D'Souza: Can India avoid another whitewash?

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All smiles: Phil Hughes' death has galvanised the Australia team to play some outstanding cricket against India.

The tragic loss of talented batsman Phil Hughes sent shock waves around the world of sport but most of it was felt in the Australian dressing room just a week before the tour.

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– Absence of top-class spinners a concern for India

There were questions of fitness levels and concerns of mental strength. While Australians were being condoled and readied, India had their own problems, mainly the fitness of captain MS Dhoni, a young squad with very little experience abroad and obviously the poor away Test record.

Virat Kohli, who will captain India for the first time in Tests, promised aggressive cricket, the opposite of what Dhoni was criticized, for being defensive during recent times.

Undoubtedly, it is rare India suffer huge losses on home soil but the mind games had already begun. Aussie great Glenn McGrath believes India will suffer a 4-0 whitewash, a score-line they infamously achieved during the 2011-12 tour.

That dreadful tour brought a sad end to illustrious careers of some of the finest batsmen in Indian cricket history – Rahul Dravid and VVS Laxman.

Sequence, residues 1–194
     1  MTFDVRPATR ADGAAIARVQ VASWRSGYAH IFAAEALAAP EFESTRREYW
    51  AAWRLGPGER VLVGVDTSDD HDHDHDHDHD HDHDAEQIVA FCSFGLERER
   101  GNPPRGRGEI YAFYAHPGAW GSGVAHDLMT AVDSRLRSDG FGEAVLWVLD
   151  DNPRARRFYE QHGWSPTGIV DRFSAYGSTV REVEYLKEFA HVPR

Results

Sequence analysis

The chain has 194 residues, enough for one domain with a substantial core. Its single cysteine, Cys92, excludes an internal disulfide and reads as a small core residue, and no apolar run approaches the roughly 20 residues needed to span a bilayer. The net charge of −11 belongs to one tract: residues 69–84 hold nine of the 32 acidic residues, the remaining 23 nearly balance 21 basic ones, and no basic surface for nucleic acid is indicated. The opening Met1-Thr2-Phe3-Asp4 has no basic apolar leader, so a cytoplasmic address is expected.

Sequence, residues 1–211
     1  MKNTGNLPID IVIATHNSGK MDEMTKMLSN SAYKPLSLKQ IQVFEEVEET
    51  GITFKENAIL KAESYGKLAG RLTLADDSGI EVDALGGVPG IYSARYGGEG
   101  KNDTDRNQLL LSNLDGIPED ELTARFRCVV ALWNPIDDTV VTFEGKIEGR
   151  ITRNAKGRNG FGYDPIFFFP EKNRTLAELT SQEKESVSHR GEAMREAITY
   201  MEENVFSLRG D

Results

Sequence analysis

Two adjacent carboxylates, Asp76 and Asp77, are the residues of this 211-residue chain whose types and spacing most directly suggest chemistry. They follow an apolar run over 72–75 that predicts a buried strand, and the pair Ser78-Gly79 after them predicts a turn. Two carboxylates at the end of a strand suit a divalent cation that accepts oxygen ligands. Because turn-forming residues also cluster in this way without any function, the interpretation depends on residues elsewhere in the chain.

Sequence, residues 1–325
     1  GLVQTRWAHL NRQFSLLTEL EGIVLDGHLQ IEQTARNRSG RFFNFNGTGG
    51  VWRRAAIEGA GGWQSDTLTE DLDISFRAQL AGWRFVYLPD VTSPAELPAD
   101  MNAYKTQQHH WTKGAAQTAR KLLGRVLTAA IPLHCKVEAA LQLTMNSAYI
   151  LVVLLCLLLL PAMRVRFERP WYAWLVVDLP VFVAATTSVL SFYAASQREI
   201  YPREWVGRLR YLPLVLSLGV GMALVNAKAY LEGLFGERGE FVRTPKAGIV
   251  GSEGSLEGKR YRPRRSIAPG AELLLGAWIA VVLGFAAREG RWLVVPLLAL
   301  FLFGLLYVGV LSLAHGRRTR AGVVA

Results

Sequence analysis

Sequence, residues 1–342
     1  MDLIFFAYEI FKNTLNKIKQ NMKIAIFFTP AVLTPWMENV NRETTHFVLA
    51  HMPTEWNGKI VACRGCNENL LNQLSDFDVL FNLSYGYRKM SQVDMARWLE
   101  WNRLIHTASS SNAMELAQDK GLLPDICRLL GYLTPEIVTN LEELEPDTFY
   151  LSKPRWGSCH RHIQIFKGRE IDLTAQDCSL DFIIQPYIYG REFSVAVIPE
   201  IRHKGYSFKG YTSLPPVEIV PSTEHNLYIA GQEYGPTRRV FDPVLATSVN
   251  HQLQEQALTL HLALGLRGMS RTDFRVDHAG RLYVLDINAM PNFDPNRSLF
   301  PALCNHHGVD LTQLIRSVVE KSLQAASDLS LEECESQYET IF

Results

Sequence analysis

But the future was bright and showed signs of promise with emerging names like Cheteshwar Pujara, Ajinkya Rahane, Bhuvaneshwar Kumar and Umesh Yadav to name a few.

Ever since India toured Australia in 1947-48, they have never managed to win a series but have drawn thrice during 1980-81, 1985-86 and 2003-04.

However, Australia have been so dominant at home and showed little or no mercy towards all visiting teams. India, too, were victims of humiliation and utter defeat, suffering clean sweeps 3 times.

Past Glory

Since 2004, India’s record Down Under reads P9 W1 L6 D2 – a win-draw percentage of 33.33. Only South Africa performed better with 66.67%, while Pakistan, Sri Lanka and West Indies are yet to win a Test.

The last decade has clearly been India’s most successful outing Down Under especially during the 2003-04 tour led by Sourav Ganguly.

'The first Test was drawn as rain played spoilsport but India played their best ever in the games that followed. India managed to win the second Test after Rahul Dravid’s hard-fought 72 runs helped them chase 230.

Not to forget, it was Dravid’s classy 233 and VVS Laxman’s special 148 that narrowed down Australia’s first Innings total. Anil Kumble’s 5-for and Ajit Agarkar’s 6 wicket haul were equally important as India led 1-0.